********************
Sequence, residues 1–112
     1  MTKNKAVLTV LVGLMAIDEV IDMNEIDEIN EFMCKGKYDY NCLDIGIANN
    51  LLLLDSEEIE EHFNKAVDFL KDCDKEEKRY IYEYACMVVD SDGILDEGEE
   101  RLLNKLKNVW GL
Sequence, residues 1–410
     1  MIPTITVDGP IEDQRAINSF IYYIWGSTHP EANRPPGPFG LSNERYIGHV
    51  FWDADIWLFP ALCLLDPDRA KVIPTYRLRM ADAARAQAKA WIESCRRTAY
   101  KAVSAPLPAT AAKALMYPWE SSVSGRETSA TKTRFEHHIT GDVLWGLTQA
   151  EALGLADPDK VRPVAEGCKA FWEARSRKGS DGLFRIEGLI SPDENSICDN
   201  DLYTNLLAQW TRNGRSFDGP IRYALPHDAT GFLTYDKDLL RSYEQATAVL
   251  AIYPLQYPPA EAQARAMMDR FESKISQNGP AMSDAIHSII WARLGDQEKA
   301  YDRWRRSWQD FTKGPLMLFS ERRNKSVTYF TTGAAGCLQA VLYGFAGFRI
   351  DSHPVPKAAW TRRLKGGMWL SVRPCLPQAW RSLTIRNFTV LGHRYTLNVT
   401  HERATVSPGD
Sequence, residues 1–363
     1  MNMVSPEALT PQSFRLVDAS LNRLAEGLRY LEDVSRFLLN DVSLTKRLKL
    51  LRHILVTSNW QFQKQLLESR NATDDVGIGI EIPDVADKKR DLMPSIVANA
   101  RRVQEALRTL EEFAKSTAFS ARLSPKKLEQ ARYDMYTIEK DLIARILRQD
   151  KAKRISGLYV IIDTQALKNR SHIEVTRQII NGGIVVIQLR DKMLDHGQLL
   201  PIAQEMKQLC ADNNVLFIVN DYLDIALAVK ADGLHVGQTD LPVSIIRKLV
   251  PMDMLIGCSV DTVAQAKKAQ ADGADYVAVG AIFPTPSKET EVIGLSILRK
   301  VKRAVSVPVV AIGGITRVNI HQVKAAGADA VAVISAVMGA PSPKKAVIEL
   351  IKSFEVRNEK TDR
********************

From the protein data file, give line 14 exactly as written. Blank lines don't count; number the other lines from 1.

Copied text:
   401  HERATVSPGD